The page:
Indeed, do we dare examine the very concept that there even is such a thing as the common good? Or is that idea as mythical as the morality that claims humans must put aside their own interest in order to serve the interest of the community?

In reality, society is always a chaotic mixture of competing needs in which the needs and wants of no two individuals ever match. No matter how much you may want tax supported public schools, I'll remain convinced that public schools are a failed social experiment that should be junked. Some argue that the war on drugs does more damage to society than drug addiction could ever do. Do agricultural subsidies really serve the common good of the consumer who must pay higher prices at the food counter?

There is not a single major political issue in modern America in which there is anything approaching a consensus agreement about what action must be taken in the common good.

Would a society in which no one gave a damn about the common good, be such a bad place to live?

Such a society would not put the butcher, the baker, or the farmer out of business. We all must count on other people, but the best way to make sure that someone does what we want them to do is to return the favor by performing for them what they perceive to be an equal favor. That's what the free market is all about.

If you really think about it, we already live in a society in which every individual is really looking out for their own self interest. It's just that we've allowed too many people to glibly lie that they were supporting the common good when all they are really interested in is their own selfish rewards. They lie about their love for the common good because they want to take advantage of our gullibility to get what they want out of the system. That includes every person who now holds political office and every person who is trying to get elected. Throwing the current bunch out and replacing them is not going to solve the problem.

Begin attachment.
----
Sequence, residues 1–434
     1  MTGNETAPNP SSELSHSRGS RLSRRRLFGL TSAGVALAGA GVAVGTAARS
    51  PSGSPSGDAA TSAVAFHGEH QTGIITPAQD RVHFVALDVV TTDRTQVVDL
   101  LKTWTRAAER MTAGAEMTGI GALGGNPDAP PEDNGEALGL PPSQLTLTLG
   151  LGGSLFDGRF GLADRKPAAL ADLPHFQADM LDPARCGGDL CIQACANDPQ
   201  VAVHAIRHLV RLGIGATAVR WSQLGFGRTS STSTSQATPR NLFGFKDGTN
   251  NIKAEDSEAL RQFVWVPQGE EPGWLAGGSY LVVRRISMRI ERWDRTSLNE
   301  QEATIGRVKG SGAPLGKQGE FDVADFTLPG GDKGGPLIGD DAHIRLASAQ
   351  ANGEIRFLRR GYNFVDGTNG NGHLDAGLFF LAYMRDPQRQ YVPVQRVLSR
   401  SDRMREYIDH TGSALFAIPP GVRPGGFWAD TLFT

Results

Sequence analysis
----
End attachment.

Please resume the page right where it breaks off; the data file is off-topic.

But what about the voter's paradox? How do we solve that problem?

Why bother? If we give up the idea that people should sacrifice for the common good, we take away most of the justification for the politician. In a free society, voting shouldn't count for much. If people take full responsibility for their own lives, that leaves nothing for politicians to do. It's only when we allow the politician to make us slaves of the common good that we have to worry about whom we elect.


This article appeared in the IDEAS magazine, August 1992.